When convict labor proved insufficient to solve the South’s labor shortages, industrialists used another system of forced labor that targeted African Americans: debt peonage. A federal statute outlawed peonage, but in practice, it overlapped with convict labor. Convicts held beyond their sentences became debt peons, forced to labor to pay off debt owed to their lessor-turned-employer. Escaped peons were often arrested for vagrancy and leased out as convicts.
The same labor practices that forced African Americans into brutal work conditions ensnared immigrant workers, too. Flagler worked with Northern labor agencies to lure new immigrants with false promises of paradise. In reality, the Keys were a living hell: isolated islands with unbearable heat, relentless mosquitoes, poisonous plants, rampant disease and meager medical care.
Workers were refused passage off the islands unless they worked off hefty transportation, boarding and commissary fees. Men promised positions as cooks, foremen or interpreters were compelled to work as common laborers. Those who refused to work were denied food. Foremen often carried guns, and sick laborers were beaten and threatened with death if they didn’t work. Some drowned attempting to flee the harsh conditions, while others died of gunshot wounds, work injuries, disease and neglect.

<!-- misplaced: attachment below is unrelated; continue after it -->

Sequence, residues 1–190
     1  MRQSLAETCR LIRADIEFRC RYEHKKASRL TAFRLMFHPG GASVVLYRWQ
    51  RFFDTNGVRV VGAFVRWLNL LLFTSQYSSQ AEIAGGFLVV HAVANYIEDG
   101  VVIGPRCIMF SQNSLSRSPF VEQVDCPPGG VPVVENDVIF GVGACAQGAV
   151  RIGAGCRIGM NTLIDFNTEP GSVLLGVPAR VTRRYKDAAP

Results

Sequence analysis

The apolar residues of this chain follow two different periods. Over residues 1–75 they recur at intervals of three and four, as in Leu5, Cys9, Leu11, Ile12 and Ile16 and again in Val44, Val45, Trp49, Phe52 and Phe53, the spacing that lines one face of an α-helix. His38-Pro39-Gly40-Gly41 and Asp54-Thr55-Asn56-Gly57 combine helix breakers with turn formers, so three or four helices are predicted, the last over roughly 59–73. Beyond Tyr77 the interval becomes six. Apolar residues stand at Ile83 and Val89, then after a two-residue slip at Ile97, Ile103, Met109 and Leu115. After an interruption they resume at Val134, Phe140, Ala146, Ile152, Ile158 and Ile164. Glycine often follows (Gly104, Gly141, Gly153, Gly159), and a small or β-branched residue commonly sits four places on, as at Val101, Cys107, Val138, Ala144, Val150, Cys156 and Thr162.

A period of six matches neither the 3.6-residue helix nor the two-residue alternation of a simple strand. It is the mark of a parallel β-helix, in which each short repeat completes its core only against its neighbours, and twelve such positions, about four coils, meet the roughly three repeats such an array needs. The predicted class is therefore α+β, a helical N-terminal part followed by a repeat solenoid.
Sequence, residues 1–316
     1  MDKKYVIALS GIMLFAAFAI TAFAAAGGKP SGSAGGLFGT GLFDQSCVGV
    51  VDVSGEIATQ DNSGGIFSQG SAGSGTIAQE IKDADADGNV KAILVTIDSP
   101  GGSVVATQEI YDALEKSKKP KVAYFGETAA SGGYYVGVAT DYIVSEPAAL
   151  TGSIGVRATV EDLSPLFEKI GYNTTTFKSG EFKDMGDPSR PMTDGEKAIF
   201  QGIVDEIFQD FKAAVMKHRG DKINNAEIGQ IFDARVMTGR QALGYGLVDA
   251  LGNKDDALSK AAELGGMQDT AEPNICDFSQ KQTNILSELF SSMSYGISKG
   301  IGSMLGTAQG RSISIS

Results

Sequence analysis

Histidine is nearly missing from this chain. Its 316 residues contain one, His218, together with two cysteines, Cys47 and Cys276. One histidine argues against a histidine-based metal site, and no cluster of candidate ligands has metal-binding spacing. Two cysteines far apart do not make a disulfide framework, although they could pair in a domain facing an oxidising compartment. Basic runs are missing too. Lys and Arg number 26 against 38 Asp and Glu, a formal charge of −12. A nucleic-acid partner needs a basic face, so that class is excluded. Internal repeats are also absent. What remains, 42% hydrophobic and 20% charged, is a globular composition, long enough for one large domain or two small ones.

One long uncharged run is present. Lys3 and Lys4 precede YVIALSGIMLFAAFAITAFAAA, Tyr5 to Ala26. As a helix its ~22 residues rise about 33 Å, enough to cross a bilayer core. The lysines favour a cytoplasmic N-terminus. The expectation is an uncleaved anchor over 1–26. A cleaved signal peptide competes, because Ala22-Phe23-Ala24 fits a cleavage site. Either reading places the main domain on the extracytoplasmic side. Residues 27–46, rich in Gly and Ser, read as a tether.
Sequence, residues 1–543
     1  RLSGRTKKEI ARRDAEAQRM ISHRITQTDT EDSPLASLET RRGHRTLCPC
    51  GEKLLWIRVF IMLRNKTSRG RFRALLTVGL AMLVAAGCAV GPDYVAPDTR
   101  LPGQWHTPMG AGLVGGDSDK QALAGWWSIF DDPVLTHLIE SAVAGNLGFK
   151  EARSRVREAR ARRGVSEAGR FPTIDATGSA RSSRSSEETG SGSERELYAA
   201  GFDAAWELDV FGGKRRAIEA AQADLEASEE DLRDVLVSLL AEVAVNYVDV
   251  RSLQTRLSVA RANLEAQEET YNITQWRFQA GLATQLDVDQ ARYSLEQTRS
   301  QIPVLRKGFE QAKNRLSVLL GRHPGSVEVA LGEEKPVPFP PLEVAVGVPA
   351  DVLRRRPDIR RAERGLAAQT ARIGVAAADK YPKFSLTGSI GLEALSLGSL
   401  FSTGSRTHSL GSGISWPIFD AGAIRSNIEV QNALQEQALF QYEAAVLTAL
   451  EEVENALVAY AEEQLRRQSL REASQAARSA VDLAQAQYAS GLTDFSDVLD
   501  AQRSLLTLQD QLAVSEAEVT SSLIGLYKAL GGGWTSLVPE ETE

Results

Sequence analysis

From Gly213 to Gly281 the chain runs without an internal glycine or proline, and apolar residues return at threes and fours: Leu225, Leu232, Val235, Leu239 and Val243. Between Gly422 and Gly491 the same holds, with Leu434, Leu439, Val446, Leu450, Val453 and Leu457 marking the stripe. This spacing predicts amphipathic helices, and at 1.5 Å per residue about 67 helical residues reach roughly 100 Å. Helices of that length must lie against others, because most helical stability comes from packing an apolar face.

Some 4,000 workers, including many as young as 15, became slaves in all but name.
Such practices soon drew the attention of progressive-era muckraking journalists and social reformers who exposed problems like urban poverty and the exploitation of workers in the meatpacking industry.
In 1907, Cosmopolitan Magazine published Richard Barry’s exposé of widespread “industrial slavery” in Florida and Flagler’s role in it. “The monumental error made by the employers of Florida,” Barry wrote, “was going beyond the black man with their slavery.”
When the Cosmopolitan exposé appeared, the Justice Department was deep into its own investigation of peonage at the FECR work camps. Lawyer Mary Grace Quackenbos had learned of peonage on the Keys from returning immigrant workers she saw in her law firm serving the poor in New York’s Lower East Side. The Justice Department, after hiring her, indicted two top FECR officials.
The FECR fought back, bribing Justice Department witnesses to sign statements contradicting prior affidavits and pressuring them to leave New York before they could testify at trial.
For reasons lost to history, the Justice Department prosecuted the FECR using a federal slave-kidnapping law instead of the peonage statute. When the case went to trial in 1908, the FECR admitted it had held laborers in a condition of peonage but asserted the government couldn’t prove a conspiracy to hold them as slaves. The judge agreed, and the case unraveled.